Union fight hits sites

DWINDLING union member-ships and a push for power is behind an inter-union squabble that has flared up again in Perth.

Construction, Forestry, Mining and Energy Union assistant secretary Joe McDonald forced workers on the Woodman Point water treatment plant to stop work, claiming the site was unsafe.

He reportedly told workers they would have great difficulty finding work after this job if they did not leave the site that day.

WorkSafe inspectors later checked the site and found no problems. In the 12 months the site has been active, there has been just one lost time injury.

Ironically, most workers on the site are working under an agreement brokered by the Australian Workers Union with principal contractor Clough Engineering.

The AWU represents workers in civil construction, forestry and mining industries. It also covers workers in some manufacturing, agricultural and offshore oil and gas fields.

The CFMEU is an amalgam-ation of five unions including the Builders' and Labourers' Federation.

The BLF has been banned in all Australian states but WA.

AWU secretary Tim Daly said union memberships had been falling for a number of years, particularly in the mining industry due to the take up of Workplace Agreements.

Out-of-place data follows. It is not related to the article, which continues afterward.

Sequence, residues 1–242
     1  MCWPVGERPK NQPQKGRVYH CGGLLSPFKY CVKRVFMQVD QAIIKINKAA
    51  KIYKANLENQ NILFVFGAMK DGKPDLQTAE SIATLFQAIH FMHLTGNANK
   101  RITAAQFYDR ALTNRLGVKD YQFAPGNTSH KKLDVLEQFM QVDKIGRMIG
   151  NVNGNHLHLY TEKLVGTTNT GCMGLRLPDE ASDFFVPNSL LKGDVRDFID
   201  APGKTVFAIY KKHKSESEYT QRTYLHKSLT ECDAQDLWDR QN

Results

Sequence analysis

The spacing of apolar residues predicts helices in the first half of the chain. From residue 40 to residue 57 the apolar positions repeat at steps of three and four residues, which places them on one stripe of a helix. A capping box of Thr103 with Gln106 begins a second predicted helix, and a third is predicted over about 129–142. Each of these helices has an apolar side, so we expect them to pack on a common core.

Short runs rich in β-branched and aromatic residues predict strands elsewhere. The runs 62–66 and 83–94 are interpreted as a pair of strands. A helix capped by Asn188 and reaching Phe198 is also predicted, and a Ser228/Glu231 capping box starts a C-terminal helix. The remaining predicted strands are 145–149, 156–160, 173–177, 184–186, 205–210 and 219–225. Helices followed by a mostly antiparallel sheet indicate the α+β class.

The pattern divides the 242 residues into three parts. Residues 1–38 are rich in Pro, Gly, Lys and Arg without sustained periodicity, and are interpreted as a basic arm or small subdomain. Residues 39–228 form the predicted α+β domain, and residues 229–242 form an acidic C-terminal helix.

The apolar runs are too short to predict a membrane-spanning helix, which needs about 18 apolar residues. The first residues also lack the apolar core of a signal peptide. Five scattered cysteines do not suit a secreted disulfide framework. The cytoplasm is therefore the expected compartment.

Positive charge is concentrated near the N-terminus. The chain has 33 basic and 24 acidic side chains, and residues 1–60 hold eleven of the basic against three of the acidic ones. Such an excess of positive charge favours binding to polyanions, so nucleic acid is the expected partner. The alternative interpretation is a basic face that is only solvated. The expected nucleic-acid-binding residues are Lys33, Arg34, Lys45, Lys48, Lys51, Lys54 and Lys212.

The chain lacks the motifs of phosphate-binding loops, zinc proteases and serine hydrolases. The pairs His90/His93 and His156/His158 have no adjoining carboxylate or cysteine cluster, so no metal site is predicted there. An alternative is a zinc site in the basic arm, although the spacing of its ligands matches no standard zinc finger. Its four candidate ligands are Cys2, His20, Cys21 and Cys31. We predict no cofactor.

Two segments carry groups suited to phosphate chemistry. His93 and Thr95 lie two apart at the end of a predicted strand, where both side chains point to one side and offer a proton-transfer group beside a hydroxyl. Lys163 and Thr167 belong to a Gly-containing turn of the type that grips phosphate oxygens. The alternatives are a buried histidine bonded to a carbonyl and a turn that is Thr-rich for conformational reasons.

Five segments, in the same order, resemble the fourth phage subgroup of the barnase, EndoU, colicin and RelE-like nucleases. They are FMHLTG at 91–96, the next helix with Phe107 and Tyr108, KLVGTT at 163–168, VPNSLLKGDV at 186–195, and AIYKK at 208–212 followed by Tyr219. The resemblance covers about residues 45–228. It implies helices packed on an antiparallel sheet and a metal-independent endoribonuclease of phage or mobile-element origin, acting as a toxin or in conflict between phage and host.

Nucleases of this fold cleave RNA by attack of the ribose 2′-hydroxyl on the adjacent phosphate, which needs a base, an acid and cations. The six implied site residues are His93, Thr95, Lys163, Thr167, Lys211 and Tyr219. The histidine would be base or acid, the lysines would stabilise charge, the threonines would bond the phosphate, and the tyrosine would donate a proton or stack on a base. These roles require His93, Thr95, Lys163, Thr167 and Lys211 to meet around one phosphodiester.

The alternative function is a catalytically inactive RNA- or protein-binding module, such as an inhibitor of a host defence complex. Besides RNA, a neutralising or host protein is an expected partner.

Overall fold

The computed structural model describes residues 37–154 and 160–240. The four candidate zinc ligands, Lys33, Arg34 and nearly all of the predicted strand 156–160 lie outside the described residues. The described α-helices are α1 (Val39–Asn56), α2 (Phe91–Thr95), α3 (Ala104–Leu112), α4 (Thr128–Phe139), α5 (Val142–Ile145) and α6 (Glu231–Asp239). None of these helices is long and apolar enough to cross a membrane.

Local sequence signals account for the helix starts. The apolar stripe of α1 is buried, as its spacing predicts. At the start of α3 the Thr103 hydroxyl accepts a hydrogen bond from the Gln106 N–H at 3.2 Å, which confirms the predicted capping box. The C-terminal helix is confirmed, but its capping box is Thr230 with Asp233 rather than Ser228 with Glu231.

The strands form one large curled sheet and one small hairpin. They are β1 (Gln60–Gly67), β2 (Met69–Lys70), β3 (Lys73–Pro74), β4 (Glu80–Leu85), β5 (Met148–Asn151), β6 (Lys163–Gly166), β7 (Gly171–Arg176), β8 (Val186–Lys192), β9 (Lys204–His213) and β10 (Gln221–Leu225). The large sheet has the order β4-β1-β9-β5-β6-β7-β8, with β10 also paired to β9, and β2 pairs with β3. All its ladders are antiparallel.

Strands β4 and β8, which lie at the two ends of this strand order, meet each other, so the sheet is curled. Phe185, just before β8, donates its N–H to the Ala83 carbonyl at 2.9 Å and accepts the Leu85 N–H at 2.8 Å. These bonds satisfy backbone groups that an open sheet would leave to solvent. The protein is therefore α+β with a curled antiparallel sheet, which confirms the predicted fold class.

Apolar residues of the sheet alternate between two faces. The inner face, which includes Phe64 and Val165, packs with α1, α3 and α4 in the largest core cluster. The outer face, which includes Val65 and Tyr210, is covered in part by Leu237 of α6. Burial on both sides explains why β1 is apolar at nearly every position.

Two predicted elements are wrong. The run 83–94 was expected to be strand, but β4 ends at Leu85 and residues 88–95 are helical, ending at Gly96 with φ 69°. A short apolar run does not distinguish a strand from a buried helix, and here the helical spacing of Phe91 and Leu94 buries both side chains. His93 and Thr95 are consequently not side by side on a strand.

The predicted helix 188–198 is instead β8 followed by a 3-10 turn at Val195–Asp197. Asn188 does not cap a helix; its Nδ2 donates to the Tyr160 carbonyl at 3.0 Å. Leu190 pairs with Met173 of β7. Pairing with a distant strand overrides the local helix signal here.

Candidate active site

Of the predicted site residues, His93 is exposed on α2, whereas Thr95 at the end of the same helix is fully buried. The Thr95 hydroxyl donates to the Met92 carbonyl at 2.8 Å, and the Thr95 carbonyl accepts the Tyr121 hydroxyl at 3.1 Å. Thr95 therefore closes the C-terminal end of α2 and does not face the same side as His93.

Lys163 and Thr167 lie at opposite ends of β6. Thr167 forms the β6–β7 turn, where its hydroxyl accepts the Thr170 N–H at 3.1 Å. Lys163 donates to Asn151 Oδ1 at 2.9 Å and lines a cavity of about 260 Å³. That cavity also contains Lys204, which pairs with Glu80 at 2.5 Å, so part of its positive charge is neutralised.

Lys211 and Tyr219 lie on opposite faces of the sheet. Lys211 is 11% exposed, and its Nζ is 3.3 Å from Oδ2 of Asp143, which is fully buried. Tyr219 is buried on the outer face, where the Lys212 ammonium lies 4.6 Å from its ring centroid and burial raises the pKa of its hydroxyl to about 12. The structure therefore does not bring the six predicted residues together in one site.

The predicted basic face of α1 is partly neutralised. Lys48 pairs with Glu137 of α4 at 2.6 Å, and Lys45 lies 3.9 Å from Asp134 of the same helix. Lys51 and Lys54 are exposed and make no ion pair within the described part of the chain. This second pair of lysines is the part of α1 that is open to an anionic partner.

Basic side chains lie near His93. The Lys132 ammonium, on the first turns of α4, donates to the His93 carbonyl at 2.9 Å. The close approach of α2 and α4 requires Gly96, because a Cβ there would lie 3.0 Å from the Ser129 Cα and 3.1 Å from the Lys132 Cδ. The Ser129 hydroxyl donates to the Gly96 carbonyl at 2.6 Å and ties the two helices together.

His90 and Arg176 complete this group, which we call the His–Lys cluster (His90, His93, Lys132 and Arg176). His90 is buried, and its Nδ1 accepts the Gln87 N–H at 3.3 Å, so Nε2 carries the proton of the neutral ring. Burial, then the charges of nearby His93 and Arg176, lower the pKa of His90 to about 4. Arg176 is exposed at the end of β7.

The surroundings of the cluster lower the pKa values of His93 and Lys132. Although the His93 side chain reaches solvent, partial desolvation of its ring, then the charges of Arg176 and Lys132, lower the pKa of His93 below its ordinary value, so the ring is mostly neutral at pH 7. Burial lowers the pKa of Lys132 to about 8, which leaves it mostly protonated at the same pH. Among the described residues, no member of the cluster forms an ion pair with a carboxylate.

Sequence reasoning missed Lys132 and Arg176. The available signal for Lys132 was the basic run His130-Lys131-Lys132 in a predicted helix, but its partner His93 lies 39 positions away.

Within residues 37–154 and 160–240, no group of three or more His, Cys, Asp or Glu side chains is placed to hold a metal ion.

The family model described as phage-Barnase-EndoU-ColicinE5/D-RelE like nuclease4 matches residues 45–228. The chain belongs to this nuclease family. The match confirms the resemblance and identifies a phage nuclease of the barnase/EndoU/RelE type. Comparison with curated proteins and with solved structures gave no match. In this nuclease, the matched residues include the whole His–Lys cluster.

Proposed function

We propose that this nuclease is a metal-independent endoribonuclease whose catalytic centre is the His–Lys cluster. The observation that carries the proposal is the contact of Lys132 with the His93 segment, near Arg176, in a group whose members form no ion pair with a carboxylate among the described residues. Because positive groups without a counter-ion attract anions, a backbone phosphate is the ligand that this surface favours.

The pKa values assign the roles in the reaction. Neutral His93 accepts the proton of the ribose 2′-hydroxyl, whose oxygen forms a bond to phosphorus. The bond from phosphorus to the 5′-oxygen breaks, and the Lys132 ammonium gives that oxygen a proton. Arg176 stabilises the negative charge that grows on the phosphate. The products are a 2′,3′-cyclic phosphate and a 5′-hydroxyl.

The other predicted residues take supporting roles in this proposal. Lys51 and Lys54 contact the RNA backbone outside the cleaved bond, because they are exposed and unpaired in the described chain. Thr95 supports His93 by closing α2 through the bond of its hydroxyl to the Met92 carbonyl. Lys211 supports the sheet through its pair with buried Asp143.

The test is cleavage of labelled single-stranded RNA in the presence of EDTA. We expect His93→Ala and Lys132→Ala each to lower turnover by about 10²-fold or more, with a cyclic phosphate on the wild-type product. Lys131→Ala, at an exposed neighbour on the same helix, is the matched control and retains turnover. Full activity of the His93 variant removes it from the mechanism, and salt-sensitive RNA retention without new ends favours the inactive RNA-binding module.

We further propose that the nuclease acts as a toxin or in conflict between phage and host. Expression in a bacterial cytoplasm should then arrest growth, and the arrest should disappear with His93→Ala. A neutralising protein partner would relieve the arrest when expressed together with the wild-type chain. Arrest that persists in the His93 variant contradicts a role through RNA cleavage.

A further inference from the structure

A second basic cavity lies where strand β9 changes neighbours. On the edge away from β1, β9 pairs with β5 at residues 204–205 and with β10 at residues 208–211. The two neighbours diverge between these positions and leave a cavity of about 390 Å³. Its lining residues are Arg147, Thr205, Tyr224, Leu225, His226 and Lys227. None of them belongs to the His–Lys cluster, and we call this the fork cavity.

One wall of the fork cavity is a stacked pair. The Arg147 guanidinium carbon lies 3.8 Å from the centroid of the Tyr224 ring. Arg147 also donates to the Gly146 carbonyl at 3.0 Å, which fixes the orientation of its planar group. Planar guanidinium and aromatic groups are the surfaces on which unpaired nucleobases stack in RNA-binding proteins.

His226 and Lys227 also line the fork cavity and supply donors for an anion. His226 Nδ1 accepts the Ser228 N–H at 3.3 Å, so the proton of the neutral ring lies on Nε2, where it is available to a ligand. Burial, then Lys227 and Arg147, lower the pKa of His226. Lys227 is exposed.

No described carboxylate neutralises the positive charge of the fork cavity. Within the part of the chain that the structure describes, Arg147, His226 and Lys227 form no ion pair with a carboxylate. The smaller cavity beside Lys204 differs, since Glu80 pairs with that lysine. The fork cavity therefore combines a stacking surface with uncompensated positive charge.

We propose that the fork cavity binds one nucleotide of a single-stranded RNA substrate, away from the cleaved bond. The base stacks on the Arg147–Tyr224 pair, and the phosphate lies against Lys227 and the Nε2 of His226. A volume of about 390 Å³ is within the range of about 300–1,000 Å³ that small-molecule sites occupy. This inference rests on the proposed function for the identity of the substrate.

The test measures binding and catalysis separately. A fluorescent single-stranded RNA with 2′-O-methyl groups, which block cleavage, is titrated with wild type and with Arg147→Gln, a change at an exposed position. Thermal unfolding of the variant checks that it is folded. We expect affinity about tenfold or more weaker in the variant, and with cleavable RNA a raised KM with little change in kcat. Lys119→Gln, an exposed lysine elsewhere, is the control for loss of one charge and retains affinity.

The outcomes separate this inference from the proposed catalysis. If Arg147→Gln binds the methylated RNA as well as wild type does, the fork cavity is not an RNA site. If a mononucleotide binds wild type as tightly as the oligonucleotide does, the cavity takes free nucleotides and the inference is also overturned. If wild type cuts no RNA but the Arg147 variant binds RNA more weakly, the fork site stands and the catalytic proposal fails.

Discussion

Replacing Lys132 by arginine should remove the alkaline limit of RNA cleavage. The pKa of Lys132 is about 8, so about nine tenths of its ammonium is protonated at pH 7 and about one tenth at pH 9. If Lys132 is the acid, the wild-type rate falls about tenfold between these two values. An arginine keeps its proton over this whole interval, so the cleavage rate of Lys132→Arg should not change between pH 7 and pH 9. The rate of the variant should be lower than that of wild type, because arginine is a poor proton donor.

"There is no question membership is behind the CFMEU's push," Mr Daly said.

"They have always said they will strive to hold their membership level or try to increase it.

"They've tried to move into the civil construction and manufacturing areas.

"We'll be voicing our disapproval of the CFMEU's actions at the next Labour Council meeting."

The AWU-CFMEU stoush has been going nationally for some time. A Victorian judge recently upheld the dismissal of an AWU-member from a job because the CFMEU members there went on strike protesting the worker's employment.

Mr McDonald said the CFMEU was having no problems keeping its member-ships.

"The problem is there's not been much work in the building industry," he said.

Mr McDonald said the AWU was "a bosses union with no backbone".

"It's used by the bosses to keep the CFMEU off sites," he said.

Mr Daly said his union was "not quite mates" with the CFMEU.

"We have a difference in philosophy. We prefer to have a good relationship with the bosses on a site," Mr Daly said.

"Workers around town are getting pretty sick of the way the CFMEU operates.

"The blokes on site lost $200 in wages and bonuses for the week thanks to the CFMEU."

Chamber of Commerce and Industry director operations Brendan McCarthy said workers and employers were always the casualties of inter-union rivalry.

"It's about the power of the union, not the good of the worker," Mr McCarthy said.

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